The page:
To get a good night’s sleep, you have to feel both physically and mentally tired. That is, your energy has to be low and your body clock has to say “go to sleep”. If your body isn’t telling you it’s bedtime, you’re gonna have an awful time falling asleep (which is probably why insomniacs have a hard time sleeping). If your tank of mental energy is empty, your body is just going to sleep until it’s full again (just a quick nap). To get the best sleep, your body has to feel like it’s bedtime and your mental energy has to be low.
- Winston Churchill
I read that a lot of people claim that biphasic sleep helps them perform most creatively. It makes sense to me, especially when I think about how I feel day-to-day. In the afternoons, I’m usually low on energy. I don’t feel like doing much. My preference is always to do something passive and simple. So it makes sense to me that if I take a quick nap in the afternoon when I start to feel sluggish, I may see an increase in productivity.
What I’ve Learned
So I started looking into polyphasic sleep cycles because I wanted to find a way to increase my productivity. It turns out that polyphasic sleep is a terrible solution to increasing productivity. And also, it’s become clear to me that there is never enough time to do everything. We have to pick and choose what we spend our time on wisely. Most of the time, we can maximize our time by cutting out the bullshit (like how much we use social media). But other times, it really is a matter of “do I want to do valuable activity X or valuable activity Y?”.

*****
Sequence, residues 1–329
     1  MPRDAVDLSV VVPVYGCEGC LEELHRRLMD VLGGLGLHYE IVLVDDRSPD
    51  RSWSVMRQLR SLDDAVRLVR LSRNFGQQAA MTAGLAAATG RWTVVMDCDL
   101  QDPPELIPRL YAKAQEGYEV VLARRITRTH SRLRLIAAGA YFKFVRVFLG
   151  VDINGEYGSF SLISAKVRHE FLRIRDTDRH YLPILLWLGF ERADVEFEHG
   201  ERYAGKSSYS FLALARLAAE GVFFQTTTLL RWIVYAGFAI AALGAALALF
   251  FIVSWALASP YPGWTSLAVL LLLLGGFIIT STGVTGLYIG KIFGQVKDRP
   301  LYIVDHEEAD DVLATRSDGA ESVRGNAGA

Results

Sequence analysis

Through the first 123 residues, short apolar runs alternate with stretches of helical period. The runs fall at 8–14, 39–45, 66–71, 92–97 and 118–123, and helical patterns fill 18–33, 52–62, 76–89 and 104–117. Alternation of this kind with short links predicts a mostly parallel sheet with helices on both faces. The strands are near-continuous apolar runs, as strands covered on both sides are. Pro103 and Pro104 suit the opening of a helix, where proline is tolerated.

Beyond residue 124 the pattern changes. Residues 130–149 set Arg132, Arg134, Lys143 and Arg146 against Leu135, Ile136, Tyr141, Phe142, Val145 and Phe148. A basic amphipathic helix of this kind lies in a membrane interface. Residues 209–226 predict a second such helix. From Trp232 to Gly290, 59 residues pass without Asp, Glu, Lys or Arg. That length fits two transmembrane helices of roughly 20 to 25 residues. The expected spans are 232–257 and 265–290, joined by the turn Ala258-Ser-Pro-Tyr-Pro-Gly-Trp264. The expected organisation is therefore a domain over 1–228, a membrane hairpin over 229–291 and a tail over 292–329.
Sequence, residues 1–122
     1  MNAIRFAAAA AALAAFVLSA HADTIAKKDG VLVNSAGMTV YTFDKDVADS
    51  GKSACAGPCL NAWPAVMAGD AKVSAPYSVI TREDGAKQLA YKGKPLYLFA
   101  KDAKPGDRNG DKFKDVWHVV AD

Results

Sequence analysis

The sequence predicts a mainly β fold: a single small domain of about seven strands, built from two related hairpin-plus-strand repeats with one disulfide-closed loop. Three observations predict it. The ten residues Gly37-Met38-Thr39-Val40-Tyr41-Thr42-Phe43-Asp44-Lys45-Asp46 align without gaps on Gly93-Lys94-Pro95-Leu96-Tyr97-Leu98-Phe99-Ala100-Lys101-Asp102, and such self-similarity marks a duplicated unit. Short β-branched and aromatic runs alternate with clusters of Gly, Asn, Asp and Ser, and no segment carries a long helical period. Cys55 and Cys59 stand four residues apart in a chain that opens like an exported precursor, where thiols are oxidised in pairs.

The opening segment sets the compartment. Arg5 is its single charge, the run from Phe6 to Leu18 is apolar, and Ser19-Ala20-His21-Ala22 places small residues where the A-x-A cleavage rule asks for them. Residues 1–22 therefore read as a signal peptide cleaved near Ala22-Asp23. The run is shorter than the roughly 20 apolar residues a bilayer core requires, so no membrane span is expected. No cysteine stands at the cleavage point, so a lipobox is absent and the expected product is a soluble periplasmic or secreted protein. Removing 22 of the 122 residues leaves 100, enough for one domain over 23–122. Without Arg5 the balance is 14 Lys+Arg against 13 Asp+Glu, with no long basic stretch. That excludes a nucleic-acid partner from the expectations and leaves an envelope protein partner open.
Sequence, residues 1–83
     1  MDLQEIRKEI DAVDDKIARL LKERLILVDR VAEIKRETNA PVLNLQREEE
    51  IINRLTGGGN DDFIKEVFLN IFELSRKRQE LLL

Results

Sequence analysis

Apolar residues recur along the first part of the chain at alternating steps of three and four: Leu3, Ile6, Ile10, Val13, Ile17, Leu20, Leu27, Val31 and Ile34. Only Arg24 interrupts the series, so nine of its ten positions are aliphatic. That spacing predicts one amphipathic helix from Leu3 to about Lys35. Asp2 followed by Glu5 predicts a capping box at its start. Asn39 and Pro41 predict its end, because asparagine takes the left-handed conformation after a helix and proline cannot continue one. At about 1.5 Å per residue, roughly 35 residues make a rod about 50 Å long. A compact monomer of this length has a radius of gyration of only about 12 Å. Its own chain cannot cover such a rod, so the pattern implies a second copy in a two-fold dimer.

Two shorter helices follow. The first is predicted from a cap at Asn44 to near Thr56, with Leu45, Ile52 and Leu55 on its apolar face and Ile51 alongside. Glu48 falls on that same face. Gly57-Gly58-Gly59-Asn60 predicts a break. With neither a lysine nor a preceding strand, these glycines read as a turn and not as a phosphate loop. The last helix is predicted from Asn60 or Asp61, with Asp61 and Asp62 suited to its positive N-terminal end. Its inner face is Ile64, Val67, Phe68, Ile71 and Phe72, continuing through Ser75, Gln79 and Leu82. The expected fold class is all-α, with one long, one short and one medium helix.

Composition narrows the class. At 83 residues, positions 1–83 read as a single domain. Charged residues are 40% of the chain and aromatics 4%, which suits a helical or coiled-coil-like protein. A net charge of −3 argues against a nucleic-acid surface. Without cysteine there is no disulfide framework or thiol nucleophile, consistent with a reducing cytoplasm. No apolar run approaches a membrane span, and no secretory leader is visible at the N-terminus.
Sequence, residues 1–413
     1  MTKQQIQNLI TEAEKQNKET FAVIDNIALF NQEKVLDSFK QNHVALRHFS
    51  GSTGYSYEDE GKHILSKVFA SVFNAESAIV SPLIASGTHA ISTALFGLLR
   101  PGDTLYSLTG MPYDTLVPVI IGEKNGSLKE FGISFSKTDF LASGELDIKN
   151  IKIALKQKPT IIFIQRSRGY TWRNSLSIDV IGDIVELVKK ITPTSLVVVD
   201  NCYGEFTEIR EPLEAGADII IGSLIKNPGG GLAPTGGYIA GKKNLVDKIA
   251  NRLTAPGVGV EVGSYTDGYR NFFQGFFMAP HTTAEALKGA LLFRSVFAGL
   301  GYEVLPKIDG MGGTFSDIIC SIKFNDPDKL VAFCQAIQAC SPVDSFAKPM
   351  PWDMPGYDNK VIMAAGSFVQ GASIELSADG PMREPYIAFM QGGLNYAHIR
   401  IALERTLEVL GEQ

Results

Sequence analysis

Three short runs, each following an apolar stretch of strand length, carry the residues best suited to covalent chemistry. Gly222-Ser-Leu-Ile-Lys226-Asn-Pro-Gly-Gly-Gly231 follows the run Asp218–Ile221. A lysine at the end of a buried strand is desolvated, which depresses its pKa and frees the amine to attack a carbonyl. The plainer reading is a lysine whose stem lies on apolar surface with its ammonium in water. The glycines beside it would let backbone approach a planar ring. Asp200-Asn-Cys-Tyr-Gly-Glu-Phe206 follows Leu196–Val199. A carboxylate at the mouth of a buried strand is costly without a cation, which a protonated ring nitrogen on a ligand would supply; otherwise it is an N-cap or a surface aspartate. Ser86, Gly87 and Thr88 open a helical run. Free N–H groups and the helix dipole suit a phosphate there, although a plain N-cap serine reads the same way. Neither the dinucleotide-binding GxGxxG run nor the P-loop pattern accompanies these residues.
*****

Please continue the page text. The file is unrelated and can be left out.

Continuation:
Ultimately, life is too short to stress out over questions like that. Just pick something. Do something. Don’t waste too much time deliberating or worrying. And don’t do something stupid like try to take six 30-minute naps throughout the day instead of a good night’s sleep.
Another reason I thought it would be valuable to split up my sleeping is because it’s easier to organize uninterrupted periods of 90 minutes than one 7.5 hour period. That is, I thought polyphasic sleeping would make it easier to get through the full 90 minute sleep cycle uninterrupted. But since polyphasic sleep is a terrible idea, I just need to be more intentional about going to sleep on time at night so I don’t interrupt my 90 minute sleep cycles.
The last thing I’ve gotten out of all this research is inspiration to try out this biphasic sleep cycle and see how it affects me. If my schedule allows it, I’ll try to take a quick nap in the afternoons when I feel my productivity and focus dropping.
Even though it turns out my napping idea was a very bad idea, I’m still glad I thought of it and took the time to research it. I learned a lot about healthy sleeping habits and unhealthy sleeping habit alike. I’m glad I can call this post “Bad Idea Monday” rather than “I Feel Like Shit Because of Massive Failure Friday”.